Eleonore Gravel is the U13A assistant coach and trainer. Eleonore’s involvement started as a 50-hour placement for the physical education program at Nipissing University. She quickly realized that she wanted to continue with the team as she developed a connection with the girls. Eleonore also believes it is important for young athletes to have a female and non – parent individuals on the team staff. We are often able to bring a different perspective to things while also being someone the girls can look up too. Eleonore grew up playing hockey within the Ice Boltz organization, during this time she had the chance of winning a gold and a bronze medal at provincials which is something she will never forget. Eleonore is forever thankful for the impact some of my coaches had on her development as an athlete and as an individual. She now believes it’s her my turn to give back and impact young hockey players like my coaches impacted her.

Laura McKenzie is the U18AA assistant coach Growing up playing minor hockey Laura was fortunate to experience many coaches who were positive role models and influential during her playing years. In Laura’s case, each of these role models were male;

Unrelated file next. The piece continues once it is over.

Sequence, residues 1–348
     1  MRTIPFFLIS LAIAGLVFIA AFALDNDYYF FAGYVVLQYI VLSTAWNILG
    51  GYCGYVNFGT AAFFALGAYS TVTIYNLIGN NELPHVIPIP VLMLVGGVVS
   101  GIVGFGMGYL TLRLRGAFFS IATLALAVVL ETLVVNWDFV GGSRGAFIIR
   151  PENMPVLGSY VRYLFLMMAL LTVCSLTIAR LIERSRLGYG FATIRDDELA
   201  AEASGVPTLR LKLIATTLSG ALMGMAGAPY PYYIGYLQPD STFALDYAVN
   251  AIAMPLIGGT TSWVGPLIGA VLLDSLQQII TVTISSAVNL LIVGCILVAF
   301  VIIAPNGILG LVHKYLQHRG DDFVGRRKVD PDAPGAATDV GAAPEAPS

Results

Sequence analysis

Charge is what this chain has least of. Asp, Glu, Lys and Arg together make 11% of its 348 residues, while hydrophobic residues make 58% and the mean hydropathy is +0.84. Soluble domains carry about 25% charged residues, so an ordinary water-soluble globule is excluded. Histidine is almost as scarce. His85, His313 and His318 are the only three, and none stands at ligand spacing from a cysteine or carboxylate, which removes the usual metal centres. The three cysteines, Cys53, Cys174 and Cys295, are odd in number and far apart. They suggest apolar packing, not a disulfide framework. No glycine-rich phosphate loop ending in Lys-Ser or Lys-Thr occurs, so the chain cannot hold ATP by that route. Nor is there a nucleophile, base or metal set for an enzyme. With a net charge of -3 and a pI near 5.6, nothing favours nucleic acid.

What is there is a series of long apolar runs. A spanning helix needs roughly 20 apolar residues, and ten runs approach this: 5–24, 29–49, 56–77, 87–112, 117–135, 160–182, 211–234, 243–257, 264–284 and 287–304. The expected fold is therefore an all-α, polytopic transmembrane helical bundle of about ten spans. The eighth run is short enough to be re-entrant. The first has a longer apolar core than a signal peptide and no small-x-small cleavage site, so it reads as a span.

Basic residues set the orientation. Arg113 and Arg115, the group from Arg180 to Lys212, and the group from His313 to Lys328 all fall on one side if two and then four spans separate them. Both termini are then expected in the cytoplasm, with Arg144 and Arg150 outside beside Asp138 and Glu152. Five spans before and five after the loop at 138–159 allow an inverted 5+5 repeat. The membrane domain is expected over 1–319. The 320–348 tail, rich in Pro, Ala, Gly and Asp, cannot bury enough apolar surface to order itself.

Laura hopes to carry on the mentorship that her coaches have offered her and bring them to the players as a female coach.

“Coaching is a great way to continue your involvement with the sport of hockey once your years playing are over. It gives you a sense of belonging and brings back a competitive edge that sport can offer,” said McKenzie.

Laura is an alum of the Nipissing Lakers Women’s Hockey program where she served as an assistant captain and received PRIDE and USPORTS All-Canadian awards, and her team was nationally ranked.

Tarra Trudel is the U15AA assistant coach. Tarra is very much interested in growing our local female hockey players both in the sport of hockey and as people. Tarra says,

“Coaching is just a logical step in giving back to a game that gave so much to me,” said Trudel.  

“Moving from playing the game to coaching can be an intimidating step, but the rewards are well worth it. It allows you to look at the game from a different perspective, and gives you a chance to share your knowledge with the next generation to continue trying to grow the game.”